Nearly all historic properties will have wood in them - whether as windows, joists, floors or doors. Some buildings are also structurally made from wood with timber frames. The first day of this course will deal with the conservation of non structural timber in buildings – using Treasures Workshop in Ludlow. The second day will deal with the history of and problems with timber framed buildings. Current repair techniques will be demonstrated using local experts.
An introduction to landed estates, parks and gardens
You’ll study how a traditional landed estate used to be managed and how it manages to make it’s way in the 21st century. Are there compromises to be made over re-using farm buildings? If the estate contains listed buildings, scheduled monuments and a registered park or garden, how are funding targets met? The course will be held at a privately owned estate near Shrewsbury. The second day looks at the history and management of historic parks and gardens.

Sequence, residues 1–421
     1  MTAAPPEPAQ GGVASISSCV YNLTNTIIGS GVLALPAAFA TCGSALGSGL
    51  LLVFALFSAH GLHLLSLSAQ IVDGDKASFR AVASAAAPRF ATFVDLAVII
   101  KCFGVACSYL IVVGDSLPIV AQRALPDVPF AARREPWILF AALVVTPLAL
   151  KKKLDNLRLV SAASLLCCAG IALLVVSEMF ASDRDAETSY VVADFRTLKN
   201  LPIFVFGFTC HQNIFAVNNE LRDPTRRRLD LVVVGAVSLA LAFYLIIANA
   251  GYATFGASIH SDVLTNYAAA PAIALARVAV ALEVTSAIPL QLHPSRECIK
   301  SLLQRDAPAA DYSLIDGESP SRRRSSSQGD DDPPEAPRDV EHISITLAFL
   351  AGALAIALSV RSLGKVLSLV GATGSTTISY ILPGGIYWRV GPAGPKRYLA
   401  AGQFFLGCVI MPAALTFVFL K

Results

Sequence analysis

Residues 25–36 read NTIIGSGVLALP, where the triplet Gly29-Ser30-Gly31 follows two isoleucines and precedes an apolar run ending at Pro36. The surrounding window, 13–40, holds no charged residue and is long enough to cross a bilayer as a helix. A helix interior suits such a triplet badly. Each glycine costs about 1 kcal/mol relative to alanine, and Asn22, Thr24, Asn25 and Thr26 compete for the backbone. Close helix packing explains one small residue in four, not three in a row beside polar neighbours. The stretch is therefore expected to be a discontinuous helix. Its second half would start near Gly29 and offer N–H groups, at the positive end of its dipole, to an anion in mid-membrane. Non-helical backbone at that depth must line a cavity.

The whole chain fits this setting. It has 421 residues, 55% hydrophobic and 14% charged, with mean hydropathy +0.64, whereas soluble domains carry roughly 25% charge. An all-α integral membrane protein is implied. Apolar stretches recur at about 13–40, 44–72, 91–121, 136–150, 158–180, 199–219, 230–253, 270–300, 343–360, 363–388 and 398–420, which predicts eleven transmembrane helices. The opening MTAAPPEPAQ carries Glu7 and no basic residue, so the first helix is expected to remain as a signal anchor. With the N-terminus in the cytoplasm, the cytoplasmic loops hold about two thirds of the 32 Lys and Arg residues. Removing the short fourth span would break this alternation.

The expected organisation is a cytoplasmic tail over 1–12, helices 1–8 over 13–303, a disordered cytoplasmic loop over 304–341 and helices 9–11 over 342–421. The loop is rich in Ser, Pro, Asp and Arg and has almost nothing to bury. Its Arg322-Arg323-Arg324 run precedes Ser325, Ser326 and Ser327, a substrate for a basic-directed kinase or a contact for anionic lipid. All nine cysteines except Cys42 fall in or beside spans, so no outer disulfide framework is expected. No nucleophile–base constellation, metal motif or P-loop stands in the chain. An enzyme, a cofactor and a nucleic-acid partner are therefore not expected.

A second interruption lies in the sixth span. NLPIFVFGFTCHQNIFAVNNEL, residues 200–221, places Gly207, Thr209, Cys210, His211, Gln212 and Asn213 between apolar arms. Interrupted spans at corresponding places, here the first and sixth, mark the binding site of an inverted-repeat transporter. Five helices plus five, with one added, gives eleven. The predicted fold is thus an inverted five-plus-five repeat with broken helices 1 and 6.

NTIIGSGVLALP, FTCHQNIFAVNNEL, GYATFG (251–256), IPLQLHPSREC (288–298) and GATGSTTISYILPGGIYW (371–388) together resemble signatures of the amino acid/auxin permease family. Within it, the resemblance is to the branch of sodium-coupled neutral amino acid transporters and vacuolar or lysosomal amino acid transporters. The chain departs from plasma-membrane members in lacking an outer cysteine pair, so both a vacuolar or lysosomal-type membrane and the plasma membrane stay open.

This two-day practical course in recording techniques for standing buildings is ideal for those commissioning work – to enable you to read and understand plans, and for those wishing to understand their building.
The conservation of historic interiors
Using Wightwick Manor as a case study the day will progress to how the National Trust conservators identify the agents of deterioration within the mansion and deal with both preventative and remedial conservation. The second day will look at the dating of interiors through studies of textiles, and fixtures and fittings.
Canal history, heritage and issues
This course emphasises the canal heritage of the West Midlands and looks at planning, conservation and sustainability. It involves site visits, a canal trip with staff from the Canals and Rivers Trust and a session on the conservation of canal vessels.